This makes California’s order to ban sales of new IC cars by 2035 look rather modest.
Note: It’s political, but it’s old history, so please keep your comments appropriate and measured.
Californian’s would have loved driving their electric cars to the border to get supplies from the trucks that weren’t allowed in. The author of this bill lived in a gilded bubble.
Being political but not partisan, I’m pretty sure 99% of politicians in both parties have no real idea how the world works.
Otherwise known as the “Thousands Of Miles Of Paved Park And Playground Act”.
What were there, something like a couple of dozen non-IC vehicles in operation in 1975?
Citi-Cars and Comuta-Car’s for everybody, baby! 🙂
Nick Petris, the State Senator who introduced this Bill is a familiar name to me, as he represented the East Bay Area in the Assembly, and then Senate, for almost 40 years. To put that in context, from the time I was just a toddler until I was middle-aged. I probably even voted for him a few times, but have no recollection of this measure … I was still in junior high and more interested in the new Volvo 164 and the upcoming Formula 1 season starring Jacky Ickx, Jochen Rindt and Jackie Stewart.
But we shouldn’t assume the intention was to switch to electric cars. After all, the East Bay had a strong heritage in another type of non-IC vehicle, with the Doble steam car. In turn the Doble influenced, through its engineer who had earlier bought the remnants of the Doble company, another steam car design. This was from GM, who showed a steam engined Chevelle and Grand Prix. In 1969, the year of this proposed legislation. So, far from being an idealistic Berkeley environmentalist, Petris was in fact in cahoots with GM 😀.
So after posting the above I dug a bit more into the history of this California Senate Bill. It actually passed the Senate 26-5 and moved on to the State Assembly. Then-Governor Ronald Reagan threatened to veto it and it didn’t move forward.
This is just an amendment to SB 788. And as can be seen by the vote on the bottom, it was instantly shot down.
I’m not sure what SB 788 was, but this amendment never became part of it.
Reading through the document above, I think this document is, in and of itself, Senate Bill 788, not an amendment to a larger bill. What this would amend is an existing legislative code called the Health and Safety Code, by adding a new section to it.
How what’s at the bottom squares up with dman’s information, though, I’m not sure. The information at the bottom suggests that it was referred to three different legislative committees (two with subject matter jurisdiction, plus Ways & Means, where all bills with any designs on getting a vote by the full Senate likely would have to go before such a vote could happen), who all gave it a negative vote. A committee vote isn’t a full Senate vote – it is essentially just a recommendation from that committee on how that committee feels the full Senate should vote – so that doesn’t necessarily tell us how – or even if – the full Senate voted. I suppose it’s possible that the full Senate ultimately approved the bill in spite of the negative committee recommendations. It seems really odd that the full Senate would approve the bill by a 26-5 vote after all three committees that reviewed it gave a negative recommendation, however.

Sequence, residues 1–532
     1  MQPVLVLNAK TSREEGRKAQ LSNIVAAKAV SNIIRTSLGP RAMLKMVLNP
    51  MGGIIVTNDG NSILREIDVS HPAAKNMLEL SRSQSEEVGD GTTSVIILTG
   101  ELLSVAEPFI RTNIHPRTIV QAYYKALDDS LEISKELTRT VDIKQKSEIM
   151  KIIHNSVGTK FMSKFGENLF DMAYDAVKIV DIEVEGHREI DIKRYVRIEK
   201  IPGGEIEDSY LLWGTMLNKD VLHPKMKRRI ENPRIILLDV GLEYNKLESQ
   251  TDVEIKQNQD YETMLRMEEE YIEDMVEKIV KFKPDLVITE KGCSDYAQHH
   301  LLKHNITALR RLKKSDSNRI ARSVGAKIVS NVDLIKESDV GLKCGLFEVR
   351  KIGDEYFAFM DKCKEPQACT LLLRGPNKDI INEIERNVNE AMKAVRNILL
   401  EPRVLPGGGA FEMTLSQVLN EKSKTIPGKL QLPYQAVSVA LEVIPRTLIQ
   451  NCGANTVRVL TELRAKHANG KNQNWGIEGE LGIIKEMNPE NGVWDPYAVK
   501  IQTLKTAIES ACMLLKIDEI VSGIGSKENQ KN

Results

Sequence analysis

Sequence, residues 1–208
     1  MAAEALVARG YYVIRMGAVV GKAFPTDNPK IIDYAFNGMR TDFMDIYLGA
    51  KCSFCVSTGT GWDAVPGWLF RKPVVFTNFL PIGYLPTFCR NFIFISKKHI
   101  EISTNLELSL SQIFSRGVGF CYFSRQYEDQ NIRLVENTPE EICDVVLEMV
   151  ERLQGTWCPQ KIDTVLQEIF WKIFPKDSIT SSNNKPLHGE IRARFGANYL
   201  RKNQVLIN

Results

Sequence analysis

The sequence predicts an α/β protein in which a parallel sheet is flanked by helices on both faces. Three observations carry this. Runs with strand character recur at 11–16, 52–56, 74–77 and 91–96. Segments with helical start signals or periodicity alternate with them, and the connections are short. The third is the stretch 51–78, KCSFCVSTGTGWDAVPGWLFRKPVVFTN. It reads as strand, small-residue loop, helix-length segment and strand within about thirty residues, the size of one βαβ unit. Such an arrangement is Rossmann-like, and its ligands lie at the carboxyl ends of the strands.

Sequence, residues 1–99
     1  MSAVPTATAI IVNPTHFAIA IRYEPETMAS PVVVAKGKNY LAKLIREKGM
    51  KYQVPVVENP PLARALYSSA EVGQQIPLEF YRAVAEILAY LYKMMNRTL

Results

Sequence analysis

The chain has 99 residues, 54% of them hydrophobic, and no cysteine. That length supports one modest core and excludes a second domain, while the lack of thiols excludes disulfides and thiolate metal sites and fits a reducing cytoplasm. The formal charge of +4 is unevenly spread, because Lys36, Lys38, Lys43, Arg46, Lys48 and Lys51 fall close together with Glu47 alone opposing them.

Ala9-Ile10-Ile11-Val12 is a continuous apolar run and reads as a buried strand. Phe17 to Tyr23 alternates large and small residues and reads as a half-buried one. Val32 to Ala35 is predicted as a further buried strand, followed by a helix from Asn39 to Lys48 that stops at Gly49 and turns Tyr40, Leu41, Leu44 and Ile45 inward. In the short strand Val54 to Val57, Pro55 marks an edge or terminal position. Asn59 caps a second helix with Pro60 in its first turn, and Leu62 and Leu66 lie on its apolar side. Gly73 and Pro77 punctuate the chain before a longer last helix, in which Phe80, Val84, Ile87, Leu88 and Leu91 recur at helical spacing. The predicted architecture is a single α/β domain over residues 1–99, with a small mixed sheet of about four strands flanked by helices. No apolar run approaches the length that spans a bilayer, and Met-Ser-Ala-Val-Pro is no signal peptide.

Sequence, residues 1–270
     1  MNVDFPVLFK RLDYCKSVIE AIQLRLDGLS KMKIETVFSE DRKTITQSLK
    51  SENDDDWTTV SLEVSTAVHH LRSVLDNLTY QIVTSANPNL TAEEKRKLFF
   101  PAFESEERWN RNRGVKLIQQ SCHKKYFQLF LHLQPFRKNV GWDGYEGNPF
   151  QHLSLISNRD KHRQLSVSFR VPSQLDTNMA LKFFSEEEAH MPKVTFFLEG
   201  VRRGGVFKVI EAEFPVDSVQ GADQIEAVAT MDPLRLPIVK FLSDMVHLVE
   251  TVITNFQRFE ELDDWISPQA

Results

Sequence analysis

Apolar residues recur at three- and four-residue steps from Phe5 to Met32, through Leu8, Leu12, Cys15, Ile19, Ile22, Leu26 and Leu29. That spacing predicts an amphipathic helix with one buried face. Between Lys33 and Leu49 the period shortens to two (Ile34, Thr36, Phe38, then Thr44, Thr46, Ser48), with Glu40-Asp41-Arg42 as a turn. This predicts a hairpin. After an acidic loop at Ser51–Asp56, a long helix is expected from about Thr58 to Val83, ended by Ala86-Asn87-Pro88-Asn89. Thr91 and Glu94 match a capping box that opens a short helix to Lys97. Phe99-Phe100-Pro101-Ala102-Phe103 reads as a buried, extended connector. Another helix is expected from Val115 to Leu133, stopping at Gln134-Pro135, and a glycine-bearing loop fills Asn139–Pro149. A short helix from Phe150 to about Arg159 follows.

See page 215 at the link below: https://clerk.assembly.ca.gov/sites/clerk.assembly.ca.gov/files/archive/FinalHistory/1969/Volumes/69shr.PDF#page=3
If I follow what it says at that link, the bill was referred to the Public Health & Safety Committee, which the document above also states, up at the top. The Public Health & Safety Committee amended the bill, came back with a positive recommendation for the bill as amended, then the full Senate passed the bill on 7/24/69. The bill was then sent to the Assembly, where it seems to have gotten bogged down, and ultimately didn’t move forward. I’m not sure how the committees mentioned at the bottom of the document were involved, since the link doesn’t mention them by name. Maybe they’re joint Senate-Assembly committees who didn’t get involved until the bill moved over to the Assembly?
I don’t how to tell whether what we’re looking at above is the original bill text, or the amended version. There is an equivalent to the above link for the Assembly, but I don’t how to find this bill there:
I doubt its author or the Senators who passed it had any illusion it would ever become law; it strikes me as an effort to put the auto and motor-fuel industries on notice that they could choose the easy way or the hard way, but one way or the other they would be made to contribute substantially to the cleanup of the toxic mess their products had made of California’s air.
Being introduced in 1969, when manufacturers were bitching about California regs to combat horrendous smog, I agree with this statement.
I left a previous comment thinking that this bills author was deadly serious. The comments that I am now responding to have pointed out that this bill was most likely tongue in cheek. This was paving the way for California emissions. With the adoption of California emissions the smog problem cleared up. Had the bill stated that new internal combustion engines, with no emission regulations meeting the State of California requirements, would not be eligible for registration in the State of California after January 1, 1975, this would not have seemed so far fetched. In fact, it’s basically what became law.
No, I don’t think it was at all tongue-in-cheek (ironic, flippant, or insincere).
You’re absolutely correct. I didn’t realize how bad CA was until I read your comment. Did a bit of research and it turns out as far back as 1943 the smog was so bad in LA that people thought perhaps the Axis had done a gas attack on the city. Nope, did it to ourselves.
I just had a look at this page: https://timeline.com/la-smog-pollution-4ca4bc0cc95d
It shows a lot of LA smog photos from the 40s, 50s and 60s. The surprising photo was this one, and it’s nothing to do with the smog.
Motorcycle messengers from the Rapid Blueprint Company are equipped with gas masks for work in 1955. -Ariels and Triumphs!